hagwil hayetsk (Charles Menzies)

hagwil hayetsk (Charles Menzies)

Professor in the Department of Anthropology, UBC

Contact Details

Website www.charlesmenzies.ca

Email charles.menzies[at]ubc.ca

Twitter https://twitter.com/charlesmenzies


hagwil hayetsk (Charles Menzies) is a member of Gitxaała Nation and an enrolled member of the Tlingit and Haida Tribes of Alaska. He is currently a Professor in the Department of Anthropology at the University of British Columbia in Vancouver, BC.

B.A.(Simon Fraser University), M.A. (York University), M.Phil., Ph.D. (Anthropology Program, the Graduate School and University Center of the City University of New York).

Professor hagwil hayetsk (Menzies) served as an elected member of the UBC Board of Governors, 2017-2020. Menzies is currently an elected joint-faculties senator on the UBC-V Senate, 2020-2026. Commentary and news can be found on his personal blog [click here].

Research Interests

Professor hagwil haeyetsk (Menzies)’ primary research interests are the production of anthropological films, natural resource management (primarily fisheries related), political economy, contemporary First Nations’ issues, maritime anthropology and the archaeology of north coast BC. He has conducted field research in, and has produced films concerning, north coastal BC, Canada (including archaeological research); Brittany, France; and Donegal, Ireland.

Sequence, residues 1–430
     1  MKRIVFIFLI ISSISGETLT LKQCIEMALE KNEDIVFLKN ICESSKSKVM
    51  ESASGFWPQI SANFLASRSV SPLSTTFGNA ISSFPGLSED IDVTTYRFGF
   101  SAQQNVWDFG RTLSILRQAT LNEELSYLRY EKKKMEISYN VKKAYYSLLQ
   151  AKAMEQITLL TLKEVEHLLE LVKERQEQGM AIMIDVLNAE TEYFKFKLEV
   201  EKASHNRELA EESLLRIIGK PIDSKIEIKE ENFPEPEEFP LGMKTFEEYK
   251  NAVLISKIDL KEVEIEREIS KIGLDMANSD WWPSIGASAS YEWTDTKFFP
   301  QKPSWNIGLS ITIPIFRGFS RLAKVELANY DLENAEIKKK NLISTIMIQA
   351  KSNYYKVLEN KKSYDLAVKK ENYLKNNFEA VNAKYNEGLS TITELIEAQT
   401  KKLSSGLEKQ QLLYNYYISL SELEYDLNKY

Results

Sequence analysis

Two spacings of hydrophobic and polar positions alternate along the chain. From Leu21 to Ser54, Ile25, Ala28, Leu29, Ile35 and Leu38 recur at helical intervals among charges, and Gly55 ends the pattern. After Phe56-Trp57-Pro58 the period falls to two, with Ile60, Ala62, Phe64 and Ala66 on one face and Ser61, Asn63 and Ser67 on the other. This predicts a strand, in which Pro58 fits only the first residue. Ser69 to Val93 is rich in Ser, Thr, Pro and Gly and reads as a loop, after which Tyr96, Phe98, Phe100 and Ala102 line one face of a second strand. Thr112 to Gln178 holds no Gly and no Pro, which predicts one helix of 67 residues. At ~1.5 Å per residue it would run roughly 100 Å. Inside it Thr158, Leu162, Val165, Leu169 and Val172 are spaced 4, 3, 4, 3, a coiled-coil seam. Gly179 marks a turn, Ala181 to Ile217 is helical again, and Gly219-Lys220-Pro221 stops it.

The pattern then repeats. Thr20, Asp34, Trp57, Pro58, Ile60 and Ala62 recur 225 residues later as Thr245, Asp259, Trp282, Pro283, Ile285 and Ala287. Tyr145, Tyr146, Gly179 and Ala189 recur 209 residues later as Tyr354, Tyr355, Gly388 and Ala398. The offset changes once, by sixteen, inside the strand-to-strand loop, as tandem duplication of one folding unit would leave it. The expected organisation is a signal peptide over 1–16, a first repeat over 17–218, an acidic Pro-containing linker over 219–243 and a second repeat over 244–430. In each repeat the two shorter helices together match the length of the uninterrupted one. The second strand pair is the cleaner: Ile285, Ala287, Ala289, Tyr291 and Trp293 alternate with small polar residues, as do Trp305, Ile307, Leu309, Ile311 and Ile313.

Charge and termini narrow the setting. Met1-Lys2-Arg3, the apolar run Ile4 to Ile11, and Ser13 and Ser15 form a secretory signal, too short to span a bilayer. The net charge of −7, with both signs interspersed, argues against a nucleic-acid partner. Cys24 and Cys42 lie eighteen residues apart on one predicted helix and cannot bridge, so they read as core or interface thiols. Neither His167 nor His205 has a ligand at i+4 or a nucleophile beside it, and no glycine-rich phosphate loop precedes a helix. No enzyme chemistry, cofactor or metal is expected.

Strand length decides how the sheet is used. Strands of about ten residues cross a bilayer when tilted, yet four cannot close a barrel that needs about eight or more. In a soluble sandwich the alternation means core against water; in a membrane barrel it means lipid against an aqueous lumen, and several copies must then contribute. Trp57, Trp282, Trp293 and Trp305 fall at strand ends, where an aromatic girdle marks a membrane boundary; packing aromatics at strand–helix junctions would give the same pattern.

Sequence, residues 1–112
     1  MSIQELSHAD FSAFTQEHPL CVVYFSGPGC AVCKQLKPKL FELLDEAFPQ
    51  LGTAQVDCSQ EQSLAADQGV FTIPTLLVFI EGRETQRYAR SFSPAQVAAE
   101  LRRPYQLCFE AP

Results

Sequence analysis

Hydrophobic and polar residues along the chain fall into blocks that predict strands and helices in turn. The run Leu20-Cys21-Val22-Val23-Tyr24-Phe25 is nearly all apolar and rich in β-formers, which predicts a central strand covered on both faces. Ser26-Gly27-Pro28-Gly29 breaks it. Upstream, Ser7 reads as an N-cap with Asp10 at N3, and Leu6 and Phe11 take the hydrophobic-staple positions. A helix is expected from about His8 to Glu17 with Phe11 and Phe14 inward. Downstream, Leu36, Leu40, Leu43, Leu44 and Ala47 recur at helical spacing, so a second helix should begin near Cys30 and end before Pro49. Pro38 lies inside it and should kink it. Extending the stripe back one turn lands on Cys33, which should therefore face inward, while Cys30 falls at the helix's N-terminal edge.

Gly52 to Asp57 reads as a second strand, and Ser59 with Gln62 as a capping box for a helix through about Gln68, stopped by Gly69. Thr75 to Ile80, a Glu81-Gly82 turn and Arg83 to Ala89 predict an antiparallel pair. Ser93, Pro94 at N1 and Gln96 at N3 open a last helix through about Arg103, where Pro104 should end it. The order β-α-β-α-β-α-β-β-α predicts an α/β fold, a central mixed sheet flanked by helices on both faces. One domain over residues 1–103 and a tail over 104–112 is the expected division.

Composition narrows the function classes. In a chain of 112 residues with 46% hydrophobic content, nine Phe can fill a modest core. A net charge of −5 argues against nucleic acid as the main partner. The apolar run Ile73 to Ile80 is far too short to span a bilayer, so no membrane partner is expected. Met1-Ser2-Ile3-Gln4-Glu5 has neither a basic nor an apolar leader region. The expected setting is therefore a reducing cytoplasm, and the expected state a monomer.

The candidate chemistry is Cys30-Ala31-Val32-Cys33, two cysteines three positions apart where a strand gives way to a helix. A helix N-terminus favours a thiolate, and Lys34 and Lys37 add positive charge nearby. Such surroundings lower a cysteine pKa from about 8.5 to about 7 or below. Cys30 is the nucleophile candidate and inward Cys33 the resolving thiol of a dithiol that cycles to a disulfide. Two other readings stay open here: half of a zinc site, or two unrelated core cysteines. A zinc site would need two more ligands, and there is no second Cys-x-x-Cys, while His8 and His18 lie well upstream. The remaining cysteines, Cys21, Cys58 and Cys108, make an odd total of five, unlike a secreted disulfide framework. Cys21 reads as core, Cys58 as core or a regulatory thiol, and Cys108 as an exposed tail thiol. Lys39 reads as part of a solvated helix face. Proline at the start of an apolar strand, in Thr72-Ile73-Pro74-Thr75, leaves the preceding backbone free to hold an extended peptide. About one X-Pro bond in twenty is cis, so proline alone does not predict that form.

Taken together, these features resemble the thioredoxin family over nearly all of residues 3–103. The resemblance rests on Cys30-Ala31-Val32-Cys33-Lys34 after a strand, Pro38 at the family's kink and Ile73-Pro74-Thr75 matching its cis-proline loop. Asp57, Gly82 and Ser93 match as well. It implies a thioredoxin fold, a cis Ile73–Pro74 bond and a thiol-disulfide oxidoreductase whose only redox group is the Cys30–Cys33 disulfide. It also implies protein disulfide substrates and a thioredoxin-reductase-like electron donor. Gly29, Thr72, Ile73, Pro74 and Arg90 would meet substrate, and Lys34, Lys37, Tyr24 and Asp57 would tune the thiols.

His current research project, Laxyuup Gitxaaɫa, combines archaeological and socio-cultural anthropology to document the traditional territory of Gitxaaɫa Nation. Other projects include founding and directing the Ethnographic Film Unit at UBC, establishing an online journal, New Proposals, and acting as the coordinator of an ecological anthropology research group at UBC, Forests and Oceans for the Future

Graduate Supervision

Graduate student mentorship and supervision is a key focus of my scholarly practice. Typically master’s students work with projects that I have underway or that are closely associated thematically. Doctoral students, while focusing on projects with affinities to my research, pursue more independent projects. I’ve had the privilege of working with a great number of outstanding students. Many of their projects are focused on natural resource management (fisheries and forestry), others explore the dynamics of municipal politics, local development projects at UBC, climate change artists, and food security. Today these scholars are working in NGO’s, government agencies, universities and colleges. Listed below are dissertations and theses completed by this outstanding and excellent group.

Doctoral Dissertations

Master’s Theses